I won’t make too many recommendations for brands of gear to use. We all have our preferences, and really it all boils down to what you are comfortable shooting with. If you are uncomfortable with your equipment and cannot work it correctly, it will do you no good. I will however from time to time state that my preferences are in gear selection.
There are a few things I would never leave home without before shooting landscapes, in no particular order:
- Polarizing Filter
- Graduated ND Filter
- Regular ND Filter
- Wide Angle Lens and Telephoto Lens
- Extra Batteries
- Extra CF Cards
- Lens Cleaning Cloth
All of those items are essential to my landscape photography, of course there are other little odds and ends that I sometimes need, but those aren’t absolutely necessary at all times. Let’s go over them, one at a time…
The Almighty TripodAsk me what my most essential piece of equipment is (besides my camera and lens) and I will tell you, it’s my tripod.
In good landscape photography, it’s important to have your scene composed perfectly, and keep it that way… for a while. A lot of landscape photography is finding a good scene and waiting; waiting for the light to become perfect or for the wind to die down. Maybe you want to try different filters, or different settings to see what looks best. Unfortunately, you cannot keep your scene composed perfectly while hand holding; this is why a tripod is essential, among other reasons.
One of those other reasons is sharpness. Often while doing landscape photography, we are using slow shutter speeds. To avoid camera shake and get the sharpest images possible, I recommend a tripod that is nice and sturdy. A cheap $30 tripod will not cut it – expect to spend at least $200 on a good set of legs and a head, sometimes up to $1,500 for the best quality.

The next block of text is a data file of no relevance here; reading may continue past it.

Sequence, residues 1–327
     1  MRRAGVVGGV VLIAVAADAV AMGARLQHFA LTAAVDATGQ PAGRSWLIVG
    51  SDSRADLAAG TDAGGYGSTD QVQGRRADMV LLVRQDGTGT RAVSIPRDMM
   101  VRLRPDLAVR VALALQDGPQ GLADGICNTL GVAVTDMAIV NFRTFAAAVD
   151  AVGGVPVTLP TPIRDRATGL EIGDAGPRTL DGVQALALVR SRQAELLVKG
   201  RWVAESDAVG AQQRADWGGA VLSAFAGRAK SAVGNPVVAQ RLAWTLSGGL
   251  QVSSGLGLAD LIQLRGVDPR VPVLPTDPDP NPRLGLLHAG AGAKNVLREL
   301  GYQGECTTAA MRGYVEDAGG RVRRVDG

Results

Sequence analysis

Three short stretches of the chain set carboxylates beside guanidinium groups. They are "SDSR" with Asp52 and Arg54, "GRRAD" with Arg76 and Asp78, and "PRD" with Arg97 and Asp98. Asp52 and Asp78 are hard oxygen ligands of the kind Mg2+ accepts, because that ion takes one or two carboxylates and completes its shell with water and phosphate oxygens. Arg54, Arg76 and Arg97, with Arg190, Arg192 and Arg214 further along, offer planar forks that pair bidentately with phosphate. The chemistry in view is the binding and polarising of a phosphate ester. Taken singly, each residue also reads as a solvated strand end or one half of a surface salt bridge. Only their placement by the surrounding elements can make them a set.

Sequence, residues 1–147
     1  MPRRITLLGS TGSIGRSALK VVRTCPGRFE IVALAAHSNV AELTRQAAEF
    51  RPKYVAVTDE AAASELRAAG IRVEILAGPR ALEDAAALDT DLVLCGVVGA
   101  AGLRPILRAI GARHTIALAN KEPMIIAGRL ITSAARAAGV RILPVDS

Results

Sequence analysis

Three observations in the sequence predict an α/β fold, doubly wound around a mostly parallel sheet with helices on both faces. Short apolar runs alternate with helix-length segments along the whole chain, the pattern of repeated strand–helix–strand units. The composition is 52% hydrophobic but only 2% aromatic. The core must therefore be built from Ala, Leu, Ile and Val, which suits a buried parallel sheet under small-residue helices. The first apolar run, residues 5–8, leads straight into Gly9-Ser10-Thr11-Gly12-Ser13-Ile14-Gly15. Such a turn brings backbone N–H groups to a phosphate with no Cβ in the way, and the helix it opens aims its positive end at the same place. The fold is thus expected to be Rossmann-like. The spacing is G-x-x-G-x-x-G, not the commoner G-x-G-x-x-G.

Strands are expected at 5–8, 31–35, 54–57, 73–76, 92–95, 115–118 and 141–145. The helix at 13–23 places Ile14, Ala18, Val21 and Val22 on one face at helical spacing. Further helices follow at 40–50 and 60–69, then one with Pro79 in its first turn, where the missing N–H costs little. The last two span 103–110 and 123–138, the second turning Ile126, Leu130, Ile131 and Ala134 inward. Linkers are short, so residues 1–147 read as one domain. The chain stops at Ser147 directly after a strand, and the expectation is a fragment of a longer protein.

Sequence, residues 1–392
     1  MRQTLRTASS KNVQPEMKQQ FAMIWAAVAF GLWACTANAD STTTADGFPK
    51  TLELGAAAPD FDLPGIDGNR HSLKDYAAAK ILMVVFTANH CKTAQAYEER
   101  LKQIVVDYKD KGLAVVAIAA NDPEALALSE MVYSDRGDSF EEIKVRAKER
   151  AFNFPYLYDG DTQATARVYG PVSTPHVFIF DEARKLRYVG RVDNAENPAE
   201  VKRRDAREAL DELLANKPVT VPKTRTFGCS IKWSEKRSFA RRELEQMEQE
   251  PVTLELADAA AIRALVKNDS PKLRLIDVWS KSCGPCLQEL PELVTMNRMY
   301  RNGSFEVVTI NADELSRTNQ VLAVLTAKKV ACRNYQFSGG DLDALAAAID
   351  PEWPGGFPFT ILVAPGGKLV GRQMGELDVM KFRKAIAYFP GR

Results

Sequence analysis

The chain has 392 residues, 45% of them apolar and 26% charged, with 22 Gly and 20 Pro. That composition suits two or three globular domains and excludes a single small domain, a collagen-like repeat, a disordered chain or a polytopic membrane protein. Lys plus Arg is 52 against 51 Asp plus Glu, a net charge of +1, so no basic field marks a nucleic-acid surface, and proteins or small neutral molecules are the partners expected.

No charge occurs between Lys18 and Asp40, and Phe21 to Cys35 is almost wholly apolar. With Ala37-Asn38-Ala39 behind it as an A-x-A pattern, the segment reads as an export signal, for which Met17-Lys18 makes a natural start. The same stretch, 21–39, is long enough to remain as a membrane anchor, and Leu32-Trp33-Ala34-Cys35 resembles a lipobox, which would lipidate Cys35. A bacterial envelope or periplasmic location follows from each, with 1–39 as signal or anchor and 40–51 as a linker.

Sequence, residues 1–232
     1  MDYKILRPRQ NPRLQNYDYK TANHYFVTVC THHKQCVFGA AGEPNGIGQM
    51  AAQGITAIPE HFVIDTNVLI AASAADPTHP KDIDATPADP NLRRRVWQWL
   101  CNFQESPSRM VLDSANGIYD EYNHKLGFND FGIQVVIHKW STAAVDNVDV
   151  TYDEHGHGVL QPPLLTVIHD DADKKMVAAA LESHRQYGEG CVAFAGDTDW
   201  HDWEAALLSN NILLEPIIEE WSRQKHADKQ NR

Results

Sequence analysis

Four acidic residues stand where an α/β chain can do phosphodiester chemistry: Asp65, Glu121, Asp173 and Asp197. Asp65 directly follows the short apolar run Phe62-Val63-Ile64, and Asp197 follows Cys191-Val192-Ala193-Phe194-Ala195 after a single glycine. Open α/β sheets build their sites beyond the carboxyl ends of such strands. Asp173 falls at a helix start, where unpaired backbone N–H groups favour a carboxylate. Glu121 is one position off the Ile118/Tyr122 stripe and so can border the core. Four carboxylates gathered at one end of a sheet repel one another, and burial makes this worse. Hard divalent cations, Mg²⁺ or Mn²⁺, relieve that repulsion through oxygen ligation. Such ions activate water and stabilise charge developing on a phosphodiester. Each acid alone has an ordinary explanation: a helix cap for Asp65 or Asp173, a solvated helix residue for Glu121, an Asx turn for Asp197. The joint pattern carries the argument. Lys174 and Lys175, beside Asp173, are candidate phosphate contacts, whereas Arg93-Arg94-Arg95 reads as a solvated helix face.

Speaking of legs and head, I prefer legs that are independently tilt adjustable, and a pistol-grip ball head. Having legs that are independently tilt adjustable means that I can put my tripod on pretty much any terrain, have it very sturdy, and have the top of my tripod be level. A ball head is so much easier for me to get the exact angle I want than a traditional pan/tilt head, and the pistol-grip makes it faster.
Another great reason to have a tripod is for artistic effect. It is absolutely essential for using very long shutter speeds when shooting waterfalls (I’ll cover that later), and you cannot do it without a tripod. Well technically you can rest your camera on something, but come on… the tripod makes it so much easier and safer.
Are tripods always necessary? No; sometimes an amazing landscape opportunity might present itself suddenly, and you just cannot break out the tripod in time to get the shot. That’s fine, as long as the light is bright enough to not necessitate a slow shutter speed, you are O.K. with not being to easily use certain filters, and you understand straightening and cropping may be necessary in post.
There are 3 main types of filters that are essential to my landscape photography:
- Circular Polarizer (Polarizing Filter)
- Neutral Density (ND) Filter
- Graduated Neutral Density (GND) Filter